1
HexonJuan
Posts
89
Joined
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Location
WI US
6/16/2024 2:37pm
Hamburgi wrote:
Hello guys!   i really need your help! Someone helped me earlier with this thread. im running the new Hope Brakes tech4 v4 since i have...

Hello guys!

 

i really need your help! Someone helped me earlier with this thread.

im running the new Hope Brakes tech4 v4

since i have them, i have problems with the brake point. After no help from Hope itself, and some declined warranty from the Hope distributor in Switzerland i changed the levers by myself... i've done the craziest bleed procedure that i've ever done....

After that bite point etc. was pretty good. Today i rode some easy Bikepark.  What happened, brake point wandering, sometimes pull close to the bar. I really dont know what i should do anymore. Im close to sendig the whole brake to the swiss distributor, with a letter, you can have this crap back...

 

This will sound trite, but are you using the Hope bleed kit? It sounds like air is the issue. You can easily check that in the same way you can with Shimano and TRP. Do not open the system at all. Rotate the levers on the handlebar so the reservoir caps are up, parallel to the ceiling. Pump the brakes, pause, pump the brakes, pause. Repeat a handful of times. Note where the lever is biting. If they firm up, rotate the levers 180 degrees from where they're at, so those reservoir caps are facing down and parallel to the ground. Return to the pump/pause routine. If the bite point increases, you have air in the system, specifically the master cylinder/reservoir. Hope's bleed process isn't exactly the most refined/clean process, certainly, but it works if you work slowly and deliberately.

2
6/16/2024 6:05pm
Slavid666 wrote:
About 6 pages back I had talked about my trick to reduce dead throw. This was exactly it, I was planning on writing up a power...

About 6 pages back I had talked about my trick to reduce dead throw. This was exactly it, I was planning on writing up a power point with instructions but after spending some time up in the sierras with this done, I would highly advise against it. My understanding is that is disrupts the port timing of the reservoir and the piston.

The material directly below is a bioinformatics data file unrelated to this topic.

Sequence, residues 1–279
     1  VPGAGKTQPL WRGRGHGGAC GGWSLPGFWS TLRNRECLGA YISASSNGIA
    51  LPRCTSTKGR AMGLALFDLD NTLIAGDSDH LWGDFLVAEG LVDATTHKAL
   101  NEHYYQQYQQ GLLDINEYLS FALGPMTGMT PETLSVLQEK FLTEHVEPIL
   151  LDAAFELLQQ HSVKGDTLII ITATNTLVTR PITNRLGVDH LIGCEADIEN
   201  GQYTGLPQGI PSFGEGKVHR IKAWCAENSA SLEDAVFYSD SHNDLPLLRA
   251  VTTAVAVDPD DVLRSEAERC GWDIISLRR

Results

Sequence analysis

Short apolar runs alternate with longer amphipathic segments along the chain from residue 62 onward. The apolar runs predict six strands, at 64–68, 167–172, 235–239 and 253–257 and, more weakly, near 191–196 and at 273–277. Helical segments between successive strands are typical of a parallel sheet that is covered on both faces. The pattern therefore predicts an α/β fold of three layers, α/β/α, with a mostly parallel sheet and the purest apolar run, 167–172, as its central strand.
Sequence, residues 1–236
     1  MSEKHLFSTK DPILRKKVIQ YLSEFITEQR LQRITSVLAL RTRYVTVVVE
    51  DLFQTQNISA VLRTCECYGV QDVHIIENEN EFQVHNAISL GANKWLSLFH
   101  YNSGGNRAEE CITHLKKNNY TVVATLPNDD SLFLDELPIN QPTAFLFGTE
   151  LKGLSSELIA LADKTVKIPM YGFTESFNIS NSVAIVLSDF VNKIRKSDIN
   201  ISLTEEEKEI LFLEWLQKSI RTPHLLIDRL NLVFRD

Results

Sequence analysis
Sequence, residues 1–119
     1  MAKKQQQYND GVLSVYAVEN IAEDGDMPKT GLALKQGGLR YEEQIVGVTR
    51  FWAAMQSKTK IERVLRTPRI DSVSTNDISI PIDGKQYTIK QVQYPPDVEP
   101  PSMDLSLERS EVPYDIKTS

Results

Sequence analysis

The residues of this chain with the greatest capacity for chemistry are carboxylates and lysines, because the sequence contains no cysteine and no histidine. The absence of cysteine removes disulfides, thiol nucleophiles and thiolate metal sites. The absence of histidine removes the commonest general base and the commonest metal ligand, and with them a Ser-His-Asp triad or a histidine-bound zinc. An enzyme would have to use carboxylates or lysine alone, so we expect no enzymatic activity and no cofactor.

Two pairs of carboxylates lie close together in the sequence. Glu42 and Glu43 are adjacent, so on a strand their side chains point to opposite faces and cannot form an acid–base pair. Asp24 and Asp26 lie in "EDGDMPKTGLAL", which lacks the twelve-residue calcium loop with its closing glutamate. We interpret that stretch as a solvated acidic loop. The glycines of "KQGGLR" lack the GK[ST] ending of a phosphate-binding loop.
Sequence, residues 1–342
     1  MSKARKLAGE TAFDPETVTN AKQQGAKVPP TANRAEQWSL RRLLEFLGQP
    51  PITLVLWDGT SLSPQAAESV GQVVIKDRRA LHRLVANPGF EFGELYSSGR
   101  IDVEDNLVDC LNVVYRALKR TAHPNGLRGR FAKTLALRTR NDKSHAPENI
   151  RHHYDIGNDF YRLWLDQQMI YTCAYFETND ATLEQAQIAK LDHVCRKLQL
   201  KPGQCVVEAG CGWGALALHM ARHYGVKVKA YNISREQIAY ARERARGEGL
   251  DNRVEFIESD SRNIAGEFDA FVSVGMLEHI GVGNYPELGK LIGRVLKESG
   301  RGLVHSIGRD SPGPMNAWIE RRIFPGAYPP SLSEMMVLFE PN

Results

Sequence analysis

The issue that I had was the brakes would feel great but as they would heat up the throw would get less and less and less until the pads were clamping on the rotors without and input from myself. Three times I had to stop and burp the system at the calipers as my brakes were locking up. Granted this was at higher altitude, but as soon as I got back I reset, bled and have had no issues since. To test my theory I backed off the lever plunger 1/4 of a turn at a time and found that if you go close to where you have yours set you can push fluid through the system from the lever syringe, it’s effectively blocked. 
 

ymmv.

TheFBI wrote:
Yes just came on here to report this issue today at the bikepark haha. Pumped up too much after a long descent. Even weirder : adjusting...

Yes just came on here to report this issue today at the bikepark haha. Pumped up too much after a long descent. Even weirder : adjusting the contact the normal way with the small T9 torx would "reset" the lever. Meaning that turning the contact adjuster one way then the other back to the same initial position would somehow restore some lever throw... before pumping up again on the next long descent. Really confusing. I've backed off the ball head screw inside a little bit and then reset the pistons and bled them again to correct the fluid volume and seems all good now 👍

Slavid666 wrote:
Crap, I was hoping that maybe you had better luck that I did! 😂 maybe there’s a way to maximize the adjustment without it closing the...

Crap, I was hoping that maybe you had better luck that I did! 😂 maybe there’s a way to maximize the adjustment without it closing the port and effectively making it a closed system. Gonna have to play around with this some more…

Thanks for sharing this. 

I think Code RSCs don’t get the credit they deserve because SRAM brake history, not boutique, etc.  One reason I’ve stuck with them is the functional contact point adjust.  

Theoretically, I agree with Hayes position that you should never adjust the master cylinder to create dead zone in the master cylinder and more lever throw.  

But, especially as pads wear and the piston seals don’t quite keep up, it’s nice to advance the pistons without the rotor in the caliper to tighten things up.  I do it several times over the life of the pad.

I’m not good enough to get them feeling the same immediately afterwards.  But using contact point adjust lets me have the same reach and bite point over the life of the pads.

Maybe most people keep pressure on the levers to keep them between their resting point and the bite point when not braking.  But I like letting them return to their resting point.  If I just used reach adjust to create the same bite point, it would bother me.  

Anybody playing this game with Dominions?  Can you do it?  Is it a pain?  If I designed a brake, I’d have reach adjust require a tool (I set and never touch again) and contact point adjust be toolless.